I saw a lot of parallels between the skinhead culture and some modern day social "trends". In this day and age trainers and sportswear fashion has become extremely popular with brands such as Supreme creating such hype that overnight camps have become the norm, so people can access new stock the day it drops. This popularity of such a brand often creates a uniform of sorts, enabling you to quite easily define those who appreciate this culture such as within Mods, Rockers and Skins. Im interesting in maybe looking at what pieces I could create that associate you with your style sub culture.
JW Anderson A\W 16
The striking use of bold block print is most effective incorporated with the classic designs of a polo shirt we are all accustomed to seeing.
It’s a first time for Ha Na Jung when it comes to the British subcultures, and the audacious styles that painted the streets of London inspired her patchwork design of tartan and denim, both essential looks in the punk scene. These patchworks were turned into stripes on ecru shirts and printed on to the shirting fabrics, with strips of denim and tartan then embroidered upon the shirt to create an appliqué effect.
This piece of plastic was much longer because I thought I could bend it round in a more collar like shape although as it cooled it distorted and I couldn't keep it the same shape, because of this my initial sample worked out much better. With this I intend to make a denim "sleeve" that can slide onto it.
Following my initial research at the start of the project on bags, I decided to make additional ones last minute that could attach not the body of the shirt. I used large poppers with a neon orange cotton that matched the rest of my my printing, so that when removed they became part of the design.
Personally I think culture is also about how your traditions and beliefs are represented, whether this is shown in traditional clothing or art forms.
Whether he was a fly-on-the-wall in London’s fetish clubs, or on the street with Skinheads forming relationships that allowed him to capture the raw and honest portraits he is known for, British photographer Derek Ridgers has been infiltrating the inner circles of UK tribes since he ditched his advertising job in the early 70s. His latest book, 78-87 London Youth was a raw look at the kids he’s encountered in London’s streets, bars and clubs, containing some of Ridgers’ most iconic shots from over the years.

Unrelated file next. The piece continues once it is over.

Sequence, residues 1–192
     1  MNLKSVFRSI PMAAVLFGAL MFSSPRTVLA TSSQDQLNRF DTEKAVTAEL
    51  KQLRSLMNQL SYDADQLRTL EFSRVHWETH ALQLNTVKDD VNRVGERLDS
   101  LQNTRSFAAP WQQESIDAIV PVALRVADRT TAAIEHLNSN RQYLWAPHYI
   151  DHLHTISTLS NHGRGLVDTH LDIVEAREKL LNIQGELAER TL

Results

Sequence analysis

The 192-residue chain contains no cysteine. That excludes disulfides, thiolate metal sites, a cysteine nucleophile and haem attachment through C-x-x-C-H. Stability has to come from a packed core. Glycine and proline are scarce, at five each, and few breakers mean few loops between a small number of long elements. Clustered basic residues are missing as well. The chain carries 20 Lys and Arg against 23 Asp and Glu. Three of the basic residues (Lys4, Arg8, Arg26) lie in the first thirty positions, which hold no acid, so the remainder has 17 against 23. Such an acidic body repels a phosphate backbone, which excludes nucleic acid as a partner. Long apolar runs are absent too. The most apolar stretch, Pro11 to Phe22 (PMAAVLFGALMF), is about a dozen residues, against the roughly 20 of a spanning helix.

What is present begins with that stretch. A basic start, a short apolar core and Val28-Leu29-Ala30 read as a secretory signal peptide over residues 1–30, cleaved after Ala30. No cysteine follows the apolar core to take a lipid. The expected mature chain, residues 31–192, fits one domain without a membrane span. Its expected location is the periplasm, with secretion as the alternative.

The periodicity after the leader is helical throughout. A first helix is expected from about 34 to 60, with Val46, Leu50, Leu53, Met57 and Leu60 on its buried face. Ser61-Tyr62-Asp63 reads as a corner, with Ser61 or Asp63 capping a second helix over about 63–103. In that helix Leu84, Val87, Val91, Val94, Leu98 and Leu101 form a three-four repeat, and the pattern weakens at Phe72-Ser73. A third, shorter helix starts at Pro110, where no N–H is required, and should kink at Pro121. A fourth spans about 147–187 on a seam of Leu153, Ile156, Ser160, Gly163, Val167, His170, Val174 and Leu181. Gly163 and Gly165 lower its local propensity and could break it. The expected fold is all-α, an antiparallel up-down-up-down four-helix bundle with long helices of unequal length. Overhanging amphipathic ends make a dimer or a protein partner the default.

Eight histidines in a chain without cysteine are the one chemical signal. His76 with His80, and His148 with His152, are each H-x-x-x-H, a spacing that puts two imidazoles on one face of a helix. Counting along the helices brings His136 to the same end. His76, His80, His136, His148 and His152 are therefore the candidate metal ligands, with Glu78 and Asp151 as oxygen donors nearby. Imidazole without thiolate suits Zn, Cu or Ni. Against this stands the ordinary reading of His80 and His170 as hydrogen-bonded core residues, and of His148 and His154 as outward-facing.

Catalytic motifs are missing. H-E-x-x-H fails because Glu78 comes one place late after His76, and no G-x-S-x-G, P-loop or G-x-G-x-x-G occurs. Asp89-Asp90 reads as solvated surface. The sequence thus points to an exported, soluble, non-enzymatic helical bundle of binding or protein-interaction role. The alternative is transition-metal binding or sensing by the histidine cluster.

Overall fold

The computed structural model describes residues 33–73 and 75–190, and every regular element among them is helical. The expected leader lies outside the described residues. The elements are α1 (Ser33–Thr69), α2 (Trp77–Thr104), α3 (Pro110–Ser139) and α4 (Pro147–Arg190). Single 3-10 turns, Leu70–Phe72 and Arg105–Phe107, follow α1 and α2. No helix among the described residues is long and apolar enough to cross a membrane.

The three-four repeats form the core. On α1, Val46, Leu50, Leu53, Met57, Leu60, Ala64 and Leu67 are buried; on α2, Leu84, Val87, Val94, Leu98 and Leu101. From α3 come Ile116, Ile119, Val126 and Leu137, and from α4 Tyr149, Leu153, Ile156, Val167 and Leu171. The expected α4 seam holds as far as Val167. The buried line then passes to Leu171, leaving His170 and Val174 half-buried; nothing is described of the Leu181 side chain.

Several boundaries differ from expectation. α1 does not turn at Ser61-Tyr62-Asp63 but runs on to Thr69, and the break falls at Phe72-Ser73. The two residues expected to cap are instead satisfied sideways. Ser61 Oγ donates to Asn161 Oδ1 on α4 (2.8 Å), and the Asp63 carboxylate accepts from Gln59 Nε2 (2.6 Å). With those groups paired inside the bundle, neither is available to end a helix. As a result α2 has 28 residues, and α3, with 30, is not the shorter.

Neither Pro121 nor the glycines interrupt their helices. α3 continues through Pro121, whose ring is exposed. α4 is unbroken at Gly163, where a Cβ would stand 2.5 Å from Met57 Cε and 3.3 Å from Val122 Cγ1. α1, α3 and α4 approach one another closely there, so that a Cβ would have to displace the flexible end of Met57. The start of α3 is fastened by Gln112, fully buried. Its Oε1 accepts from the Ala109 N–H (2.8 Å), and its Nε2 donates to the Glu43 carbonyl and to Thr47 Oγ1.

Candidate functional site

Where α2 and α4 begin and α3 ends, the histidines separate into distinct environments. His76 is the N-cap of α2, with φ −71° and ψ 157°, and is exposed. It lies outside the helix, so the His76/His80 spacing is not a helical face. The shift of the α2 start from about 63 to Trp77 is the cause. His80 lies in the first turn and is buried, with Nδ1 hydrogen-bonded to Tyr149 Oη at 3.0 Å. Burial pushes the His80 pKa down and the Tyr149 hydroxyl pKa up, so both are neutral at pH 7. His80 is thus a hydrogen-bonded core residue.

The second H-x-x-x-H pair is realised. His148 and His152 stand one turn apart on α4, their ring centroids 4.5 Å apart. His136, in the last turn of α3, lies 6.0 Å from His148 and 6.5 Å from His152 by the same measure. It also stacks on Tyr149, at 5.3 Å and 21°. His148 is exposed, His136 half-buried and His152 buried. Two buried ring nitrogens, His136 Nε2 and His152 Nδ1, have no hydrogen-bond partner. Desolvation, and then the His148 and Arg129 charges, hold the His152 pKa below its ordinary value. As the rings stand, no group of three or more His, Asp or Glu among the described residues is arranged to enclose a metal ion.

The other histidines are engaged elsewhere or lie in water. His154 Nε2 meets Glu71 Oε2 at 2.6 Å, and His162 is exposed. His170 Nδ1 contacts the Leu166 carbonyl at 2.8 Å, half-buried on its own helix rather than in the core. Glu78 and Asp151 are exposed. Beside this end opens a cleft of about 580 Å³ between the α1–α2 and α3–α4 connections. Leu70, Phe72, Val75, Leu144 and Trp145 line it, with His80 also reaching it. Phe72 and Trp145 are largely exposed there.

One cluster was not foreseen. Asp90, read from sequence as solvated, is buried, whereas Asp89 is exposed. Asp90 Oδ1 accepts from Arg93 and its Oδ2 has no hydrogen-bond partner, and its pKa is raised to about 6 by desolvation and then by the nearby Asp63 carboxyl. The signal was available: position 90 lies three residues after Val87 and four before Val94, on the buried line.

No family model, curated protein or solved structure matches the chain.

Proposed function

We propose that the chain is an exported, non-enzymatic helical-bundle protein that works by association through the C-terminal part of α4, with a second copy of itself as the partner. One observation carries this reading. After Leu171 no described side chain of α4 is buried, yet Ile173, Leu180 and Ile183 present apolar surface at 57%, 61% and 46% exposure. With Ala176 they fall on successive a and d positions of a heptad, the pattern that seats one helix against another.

The girls often chose to wear very similar outfits to the men, often wearing t-shirts underneath more tailored jackets and a scarf at the neck to unify yourself to your gang. The Teddy girls were some of the first women also to adopt jeans as casual wear for women.
The Harrington jacket, or variations of it, can be found in most retailers, which is also the same case for the parka jacket, desert boots, miniskirts and colorblock dresses.
Skinheads were greatly influenced by West Indian and Jamacian rude boys in terms of fashion and music back then, but some were and are still today dressed in this particular way to demonstrate their passion towards politics and/or race but despite this most skinheads are apolitical. Some wore their braces up and some work them down, but traditionally, if you wore your braces down, this meant that you were openly looking to fight somebody. There have been many myths about the colour of the braces and the colour of the shoelaces symbolising particular meanings such as white meaning white power and red meaning that you have shed blood for your movement. Different areas were supposedly using this colour scheme yet there is not accurate information explaining this and traditionally the colour of the braces and shoelaces were associated with the individuals football team.
It’s often been argued that the internet and the easy access to information it provides has been the undoing of subculture as we know it, allowing for meaningful movements to be reduced to Tumblr trends. But that doesn’t mean that the various strands and passions of youth that first ignited these movements have been killed off. They’ve just had to adapt, like they always have. Meeting places have been vital for members of subcultures to come together and talk about new tracks or bands they’ve found, or to swap and sell the clothes that became uniforms of their culture and expressions of their identity. These Facebook groups are simply virtual versions of those spaces, which aren’t geographically constrained in the way that they might have been for past generations. Sure, these places aren’t as obvious or visible as Carnaby Street in the 60s or the Hacienda in the 80s and 90s. But like that punk club or goth hangout, they’re there – you just need to know where to look.
Raf Simons x Fred Perry
Esme Famewo brings forth the Rude Boy culture influenced by the mod and skinhead subcultures. Taking inspiration from the 1960s Jamaican diaspora, Esme built her designs upon the rich diversity of dress styles imported to London by West Indian immigrants, which have impacted street style and high fashion ever since. Her designs were a myriad of prints from experiments with Afrocentric linocuts, recycled materials and woven yarns – all enlarged, processed and printed repeatedly on the shirts. Reinforced with pan-African red, gold and green, the red and black twin-tipping complete the bowling shirt, whereas showcased upon the sleeves are contrasts of red and black with green and black twin-tipping.
I played around with the sizing, thickness and placement of the stripes on the collar. Quite like them further apart although I would like to try again and make them thinner.